The Equalizer 3’ review: Denzel Washington returns

Antoine Fuqua has yet to make a horror film, but with The Equalizer 3 concluding this deadly trilogy, he comes perilously near.

With their imaginative, horrific deaths at the hands of a tenacious killer who refuses to die, these action films match slashers.

However, in this case, the killer is the hero rather than the villain, and he slaughters to protect innocent people from exploitation and murder.

Instead of virgins and co-eds, Denzel Washington’s Robert McCall dispatches Russian mobsters, American mercenaries, and the Italian mafia with everything from a corkscrew to their own weaponry.

The question Robert poses in each Equalizer film — “What do you see when you look at me?” — attempts to spark a debate, yet this franchise is devoid of moral ambiguity.

The series portrays Robert as a decent man, and everyone else on screen is categorizes as either good or wicked, with no gray ground in between.

Other than betting on which everyday thing Robert would make into a deadly weapon next, such as a wine bottle or a meat cleaver, these films provide little to think about.

He simply does bad things to bad people, or, to be more specific, bad things to bad men. Robert never delivers justice to a single female character over the course of three films, six hours, and innumerable fatalities, which feels a little retrograde.

Women exist in this man’s world of bad and good men to be murder victims or damsels in distress with little agency, supposedly incapable of the type of bad behavior Robert battles against.

Complaining about gender representation in a film that appears to be mainly interested in horrific battle scenes seems like a waste of mental energy. But Fuqua has always failed in his attempts to make these films more than just an action franchise.

Even now, three films into a morally simple franchise, Fuqua refuses to slack off, bringing his gritty style and attention to visual minutiae to every scene.

Shots are intelligently crafted, and he provides a wonderful feeling of location, whether in the original film’s Boston (and its battle in a large box hardware store), the sequel’s finale set in a coastal Massachusetts hamlet, or an Italian village in The Equalizer 3.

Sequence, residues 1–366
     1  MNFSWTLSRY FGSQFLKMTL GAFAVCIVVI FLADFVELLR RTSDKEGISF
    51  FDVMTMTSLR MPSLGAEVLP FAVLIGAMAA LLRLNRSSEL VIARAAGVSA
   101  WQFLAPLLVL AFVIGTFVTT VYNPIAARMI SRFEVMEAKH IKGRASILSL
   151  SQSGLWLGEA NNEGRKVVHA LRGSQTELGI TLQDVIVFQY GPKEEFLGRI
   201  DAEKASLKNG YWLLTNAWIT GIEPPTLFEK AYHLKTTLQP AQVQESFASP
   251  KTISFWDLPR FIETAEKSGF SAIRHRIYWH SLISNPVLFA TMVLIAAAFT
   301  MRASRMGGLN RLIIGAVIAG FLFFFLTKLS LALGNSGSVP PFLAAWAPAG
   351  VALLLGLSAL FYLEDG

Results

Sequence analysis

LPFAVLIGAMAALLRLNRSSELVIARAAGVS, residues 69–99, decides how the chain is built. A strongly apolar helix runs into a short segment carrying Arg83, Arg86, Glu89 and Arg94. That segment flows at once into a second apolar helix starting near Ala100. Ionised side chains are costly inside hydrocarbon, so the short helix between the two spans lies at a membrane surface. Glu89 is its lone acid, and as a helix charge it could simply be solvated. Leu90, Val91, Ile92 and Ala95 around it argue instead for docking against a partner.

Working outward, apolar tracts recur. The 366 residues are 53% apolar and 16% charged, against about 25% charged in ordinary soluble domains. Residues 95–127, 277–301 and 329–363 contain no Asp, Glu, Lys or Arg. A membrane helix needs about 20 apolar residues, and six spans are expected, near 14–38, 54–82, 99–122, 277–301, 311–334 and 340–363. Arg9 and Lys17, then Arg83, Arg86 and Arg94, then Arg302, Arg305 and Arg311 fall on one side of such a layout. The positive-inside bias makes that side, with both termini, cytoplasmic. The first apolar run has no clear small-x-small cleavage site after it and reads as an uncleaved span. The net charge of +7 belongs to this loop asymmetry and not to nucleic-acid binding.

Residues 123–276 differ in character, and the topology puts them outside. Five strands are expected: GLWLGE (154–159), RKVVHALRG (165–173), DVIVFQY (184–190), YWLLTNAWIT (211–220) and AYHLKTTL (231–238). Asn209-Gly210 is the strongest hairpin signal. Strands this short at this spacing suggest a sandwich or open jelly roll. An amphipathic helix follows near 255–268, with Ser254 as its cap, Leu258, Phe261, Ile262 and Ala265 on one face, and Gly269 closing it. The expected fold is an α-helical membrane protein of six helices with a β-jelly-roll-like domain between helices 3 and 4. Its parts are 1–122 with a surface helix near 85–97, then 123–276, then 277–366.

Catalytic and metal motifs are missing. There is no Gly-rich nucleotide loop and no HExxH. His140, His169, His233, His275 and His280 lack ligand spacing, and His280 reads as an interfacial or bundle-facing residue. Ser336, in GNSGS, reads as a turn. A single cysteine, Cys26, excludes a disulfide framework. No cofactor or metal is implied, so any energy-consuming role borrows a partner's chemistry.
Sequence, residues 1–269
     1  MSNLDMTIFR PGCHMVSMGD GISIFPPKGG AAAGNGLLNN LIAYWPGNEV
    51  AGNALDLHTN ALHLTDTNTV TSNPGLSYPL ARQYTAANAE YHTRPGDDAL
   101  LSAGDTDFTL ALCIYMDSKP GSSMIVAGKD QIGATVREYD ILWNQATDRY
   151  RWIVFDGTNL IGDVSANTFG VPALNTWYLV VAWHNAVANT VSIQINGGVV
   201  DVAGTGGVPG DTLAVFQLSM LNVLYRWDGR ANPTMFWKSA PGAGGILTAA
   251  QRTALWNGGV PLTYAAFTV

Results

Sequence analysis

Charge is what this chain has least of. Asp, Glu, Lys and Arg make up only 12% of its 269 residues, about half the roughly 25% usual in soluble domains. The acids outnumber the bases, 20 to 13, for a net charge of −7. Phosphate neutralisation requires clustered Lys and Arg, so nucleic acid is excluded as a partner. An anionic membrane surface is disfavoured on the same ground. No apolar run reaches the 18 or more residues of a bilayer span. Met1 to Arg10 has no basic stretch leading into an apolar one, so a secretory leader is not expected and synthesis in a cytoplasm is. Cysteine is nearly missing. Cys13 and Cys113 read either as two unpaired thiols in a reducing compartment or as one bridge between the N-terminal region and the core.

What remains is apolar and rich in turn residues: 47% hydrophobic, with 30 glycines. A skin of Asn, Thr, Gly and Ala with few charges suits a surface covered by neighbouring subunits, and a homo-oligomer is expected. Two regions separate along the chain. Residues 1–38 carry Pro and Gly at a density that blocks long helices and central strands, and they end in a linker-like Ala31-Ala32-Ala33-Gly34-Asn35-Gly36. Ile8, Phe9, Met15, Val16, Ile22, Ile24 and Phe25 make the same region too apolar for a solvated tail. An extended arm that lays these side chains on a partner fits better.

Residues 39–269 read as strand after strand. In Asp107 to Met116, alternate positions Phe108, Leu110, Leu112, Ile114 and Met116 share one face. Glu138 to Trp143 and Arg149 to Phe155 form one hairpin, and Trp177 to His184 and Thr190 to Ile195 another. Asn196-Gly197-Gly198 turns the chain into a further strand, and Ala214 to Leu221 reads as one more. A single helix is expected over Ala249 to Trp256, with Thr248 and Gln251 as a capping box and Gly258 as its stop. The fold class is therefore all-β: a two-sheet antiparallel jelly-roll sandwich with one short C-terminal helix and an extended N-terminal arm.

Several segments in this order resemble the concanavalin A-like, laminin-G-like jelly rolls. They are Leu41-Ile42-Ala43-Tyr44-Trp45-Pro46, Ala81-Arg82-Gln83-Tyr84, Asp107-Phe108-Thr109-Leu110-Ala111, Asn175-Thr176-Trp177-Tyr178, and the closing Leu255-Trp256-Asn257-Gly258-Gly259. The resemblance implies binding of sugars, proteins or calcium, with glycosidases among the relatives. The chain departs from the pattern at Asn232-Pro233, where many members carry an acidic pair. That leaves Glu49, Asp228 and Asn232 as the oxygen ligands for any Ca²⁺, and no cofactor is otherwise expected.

Each setting is different, rather than existing as a faceless, featureless location that will soon become collateral damage in the struggle between Robert McCall and whatever has earned his righteous rage this time.

We should really be happy for action films done with this level of directing skill, as opposed to what can happen when a random filmmaker merely captures all the punches and gunfire in frame and calls it a day.

However, it appears to be a waste when that look is combined with a script that hints at greater meaning but then misses its mark.

Washington’s performance has continually elevated The Equalizer 3 and its predecessors closer to their high aspirations of being more than merely shoot-’em-ups, in tandem with Fuqua’s direction.

He clearly adores the part, considering it is the only time he has returned to it in his decades-long career.

Despite the heinous devastation, Washington commits as much energy to this character as he does to others that have lately earned him praise, such as Fences and The Tragedy of Macbeth.

He offers a nuanced performance, replete with beautiful tiny touches acquired across the three films, such as the times where you can see him emotionally and physically move from warning about the violence he’s about to inflict to taking action.

These films are never on his level, but Washington’s unflappable charisma makes them watchable, even when the gore tempts you to turn away or the ludicrous screenplays from Richard Wenk make you roll your eyes.

At the very least, the narrative for The Equalizer 3 — written by Richard Wenk and based on Michael Sloan and Richard Lindheim’s ’80s TV series — is significantly superior to the previous film in the series, which didn’t even pretend to be intelligible.

In the opening part of this film, Washington’s Robert McCall goes after a notorious criminal in Sicily. (The film is quick to point out that Sicily is in Italy, demonstrating how little it thinks of its audience, who, for God’s sake, has watched The Godfather.)

However, Robert — who now goes by Roberto, grazie — is hurt in the process, and he is taken in by a doctor (Remo Girone) in nearby Altomonte. Robert recovers in the little community, befriending the locals and possibly finding serenity.

However, they are plagued by violence as the Camorra exploits its residents for money. Robert wishes for a simpler existence, but he can’t sit back and watch while gangsters attack his new neighbors.

The Equalizer 3 follows in the footsteps of The Equalizer and The Equalizer 2. (Aside from the absence of Robert’s love of reading this time around.

I suppose because he completed his reading list and there are no more books in the world?) The line between what counts as a callback and what is simply a lack of originality blurs.

It’s an improvement over the sloppy plot of the 2018 sequel, but this film swings too far the other way.

Apart from the blood splatters, everything here is a little too tidy and excruciatingly loaded with significance, much like Robert’s careful approach to his regular cup of tea.

A late disclosure made me groan, both for its obviousness and simple foolishness.


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